Proud war veteran earns diploma

Wednesday, January 7, 2004
Junior Rowe displays his Berryville Class of 1946 High School Diploma. CCN / Ken O'Toole

BERRYVILLE ---- I.L. Rowe Jr., 77, received his diploma from Berryville High School on Christmas Day, 57 years after he was supposed to graduate as a member of the Class of 1946.

"Junior" Rowe said the document is one of his proudest accomplishments, among many he has earned over the years.

"This is real important to me. It made me cry," he said. "My kids did this for me, and it is something I always wanted but never attained."

When Rowe was a sophomore during World War II, the worldwide threat posed by Japanese forces in the Pacific gave Rowe great concern, and he decided, though it wasn't required, to leave school at the age of 17 to serve his country in the military.

The old veteran is a soft-spoken man with the weathered face and reluctant smile of a man who has seen a lot.

"I felt it was something I had to do," he said. "I didn't have to volunteer, I just wanted to."

Others volunteered at that point in the war, but not many from around here, and Rowe was determined to go, despite some discouragement from his family.

Though the war in Europe was ending, in 1945, when Rowe joined the U.S. Navy, there was fear throughout the world that an invasion of mainland Japan was the only thing that would end the war in the Pacific.

An invasion of the Japanese homeland was considered a last resort by President Harry Truman and U.S. military leaders, as the Japanese were believed to be prepared to use soldiers, civilians and even children in a hand-to-hand, desperate fight to defend Japan.

When Rowe reached the Marshall Islands in the Pacific as a First Class Seaman aboard the Navy destroyer USS Meade, no one was sure what was to come.

"As far as we knew, we were preparing to go into a slaughter," Rowe said. "We didn't know, but we were patrolling in the Marshall Islands and the Philippines and there was still suicide dive bombers. ... We would bypass islands where we knew there were Japanese, but we had bigger things to get ready for."

Rowe figured he and his forces would be a major part of the invasion of Japan. He was stationed aboard the USS Meade, and also on the USS Meredith, both destroyer ships that would surely be a part of an initial bombardment of Japan, acting as shields for the battleships and aircraft carriers.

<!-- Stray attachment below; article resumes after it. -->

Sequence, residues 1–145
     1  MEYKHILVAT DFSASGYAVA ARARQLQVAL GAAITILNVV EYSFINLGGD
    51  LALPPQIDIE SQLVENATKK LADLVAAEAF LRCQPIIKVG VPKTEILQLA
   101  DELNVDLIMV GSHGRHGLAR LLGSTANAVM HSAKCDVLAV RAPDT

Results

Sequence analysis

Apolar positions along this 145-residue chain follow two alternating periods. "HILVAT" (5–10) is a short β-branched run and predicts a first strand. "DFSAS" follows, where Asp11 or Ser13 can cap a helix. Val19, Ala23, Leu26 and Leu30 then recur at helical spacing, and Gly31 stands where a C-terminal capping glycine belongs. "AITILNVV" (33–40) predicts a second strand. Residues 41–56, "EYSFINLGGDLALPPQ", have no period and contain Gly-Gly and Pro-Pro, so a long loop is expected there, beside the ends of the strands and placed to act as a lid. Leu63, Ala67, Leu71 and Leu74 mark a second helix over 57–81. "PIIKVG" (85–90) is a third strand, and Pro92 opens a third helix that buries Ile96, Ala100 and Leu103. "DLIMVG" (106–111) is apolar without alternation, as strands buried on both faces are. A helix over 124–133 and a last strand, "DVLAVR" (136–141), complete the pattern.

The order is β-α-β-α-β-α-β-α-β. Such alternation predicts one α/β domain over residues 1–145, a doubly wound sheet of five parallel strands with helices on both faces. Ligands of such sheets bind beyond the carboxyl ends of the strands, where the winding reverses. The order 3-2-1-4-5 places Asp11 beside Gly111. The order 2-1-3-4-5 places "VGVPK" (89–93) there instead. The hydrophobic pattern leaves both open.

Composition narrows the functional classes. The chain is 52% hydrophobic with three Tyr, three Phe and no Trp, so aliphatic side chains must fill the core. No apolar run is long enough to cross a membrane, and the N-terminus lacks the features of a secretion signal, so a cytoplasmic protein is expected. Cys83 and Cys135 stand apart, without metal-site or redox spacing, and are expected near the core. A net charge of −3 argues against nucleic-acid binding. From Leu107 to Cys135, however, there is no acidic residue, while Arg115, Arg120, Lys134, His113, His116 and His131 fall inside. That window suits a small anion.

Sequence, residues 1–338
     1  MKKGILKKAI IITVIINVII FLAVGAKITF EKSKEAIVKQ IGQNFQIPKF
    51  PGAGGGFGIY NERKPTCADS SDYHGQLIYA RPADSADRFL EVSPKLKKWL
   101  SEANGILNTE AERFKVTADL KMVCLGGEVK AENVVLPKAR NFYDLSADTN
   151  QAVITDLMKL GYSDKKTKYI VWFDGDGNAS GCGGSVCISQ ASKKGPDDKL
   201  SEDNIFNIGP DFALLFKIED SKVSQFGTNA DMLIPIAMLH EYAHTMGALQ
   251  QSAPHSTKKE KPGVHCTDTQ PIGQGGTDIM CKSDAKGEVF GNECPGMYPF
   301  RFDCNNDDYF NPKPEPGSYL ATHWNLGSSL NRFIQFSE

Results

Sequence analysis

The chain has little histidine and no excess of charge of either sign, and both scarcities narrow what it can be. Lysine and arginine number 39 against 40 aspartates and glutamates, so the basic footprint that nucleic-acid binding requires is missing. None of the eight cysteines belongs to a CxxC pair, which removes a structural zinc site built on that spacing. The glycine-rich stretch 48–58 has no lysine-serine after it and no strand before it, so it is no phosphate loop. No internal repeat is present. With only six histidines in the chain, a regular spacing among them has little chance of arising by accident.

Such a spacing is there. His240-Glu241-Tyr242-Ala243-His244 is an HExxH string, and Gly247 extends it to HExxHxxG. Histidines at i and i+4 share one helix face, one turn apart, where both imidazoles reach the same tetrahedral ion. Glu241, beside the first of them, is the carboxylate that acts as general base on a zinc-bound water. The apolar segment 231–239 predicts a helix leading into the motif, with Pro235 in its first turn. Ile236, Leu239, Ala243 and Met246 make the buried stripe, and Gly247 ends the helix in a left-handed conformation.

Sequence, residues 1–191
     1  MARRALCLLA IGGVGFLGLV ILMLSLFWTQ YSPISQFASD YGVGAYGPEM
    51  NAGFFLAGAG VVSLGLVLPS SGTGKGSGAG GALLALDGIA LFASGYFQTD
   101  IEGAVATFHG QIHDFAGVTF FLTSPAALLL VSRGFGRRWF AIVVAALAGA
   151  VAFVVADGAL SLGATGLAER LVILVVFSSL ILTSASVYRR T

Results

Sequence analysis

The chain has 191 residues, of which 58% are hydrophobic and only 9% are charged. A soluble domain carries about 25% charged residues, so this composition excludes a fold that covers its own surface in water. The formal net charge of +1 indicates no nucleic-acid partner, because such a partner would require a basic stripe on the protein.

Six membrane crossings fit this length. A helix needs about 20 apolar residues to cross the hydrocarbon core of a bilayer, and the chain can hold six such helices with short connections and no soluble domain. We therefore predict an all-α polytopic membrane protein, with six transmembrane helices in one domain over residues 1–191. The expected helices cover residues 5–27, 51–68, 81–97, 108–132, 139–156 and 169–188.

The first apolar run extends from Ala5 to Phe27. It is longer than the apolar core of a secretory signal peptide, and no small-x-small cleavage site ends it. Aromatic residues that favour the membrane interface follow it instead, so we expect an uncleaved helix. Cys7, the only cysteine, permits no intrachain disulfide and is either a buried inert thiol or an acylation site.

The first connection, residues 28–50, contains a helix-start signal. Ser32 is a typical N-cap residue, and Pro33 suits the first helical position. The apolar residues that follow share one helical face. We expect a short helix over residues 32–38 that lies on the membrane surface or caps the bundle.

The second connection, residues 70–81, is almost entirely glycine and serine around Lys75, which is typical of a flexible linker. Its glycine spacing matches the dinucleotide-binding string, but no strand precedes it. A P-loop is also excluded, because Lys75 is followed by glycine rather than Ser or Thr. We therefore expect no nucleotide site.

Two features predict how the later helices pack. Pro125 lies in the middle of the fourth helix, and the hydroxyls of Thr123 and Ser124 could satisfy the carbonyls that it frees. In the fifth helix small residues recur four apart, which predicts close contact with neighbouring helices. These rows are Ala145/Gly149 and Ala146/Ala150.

It was the top secret mission of the legendary bomber Enola Gay, and Truman's deadly secret ---- the atomic bomb ---- that prevented the estimated one million U.S. casualties expected in an invasion of Japan.

Hiroshima was devastated Aug. 6, 1945, by the Enola Gay, and three days later on Aug. 9, a plutonium bomb was released over Nagasaki.

Three weeks later, the Japanese offered an unconditional surrender, but the war wasn't over yet for Junior Rowe.

Though he had experienced six months of war at sea in the South Pacific, Rowe continued on missions patrolling the Philippines, and on a rescue mission in Indo-China, now known as Vietnam.

His older brother Bill was also there, flying as a navigator, and he too would have been integral in an invasion of Japan.

Junior Rowe made it home safely after the war, and became a lead lineman for Carroll Electric, where he worked for 41 years before retiring.

He lost his wife, Bethine, in 2002, but he has a huge family that is a foundation of support for him.

Before Christmas, his children and grandchildren heard about a new program where Berryville High School would grant diplomas to those who had to leave during war.

His children gave him the diploma for Christmas, and he said it is a gift he will never forget.

His children are Jim Rowe, Tom Rowe, Dina Henderson and Marilyn Hicks. He has 14 grandchildren and 17 great-grandchildren, a family that stands out as one of few with four generations living in Berryville.

"All I lacked to graduate was two credits in English," said Rowe, at his volunteer post at St. John's Hospital-Berryville, where he has been a regular auxiliary volunteer.

Although Rowe thought of correspondence courses and such to get his diploma, he never got around to doing it, "because I couldn't miss a day's pay," he said.

"I also wasn't sure I'd pass," Rowe said with a smile.

But his children came through for Christmas, and besides being an honored vet, father and grandfather, he's now a proud graduate of the Berryville High School Class of 1946.

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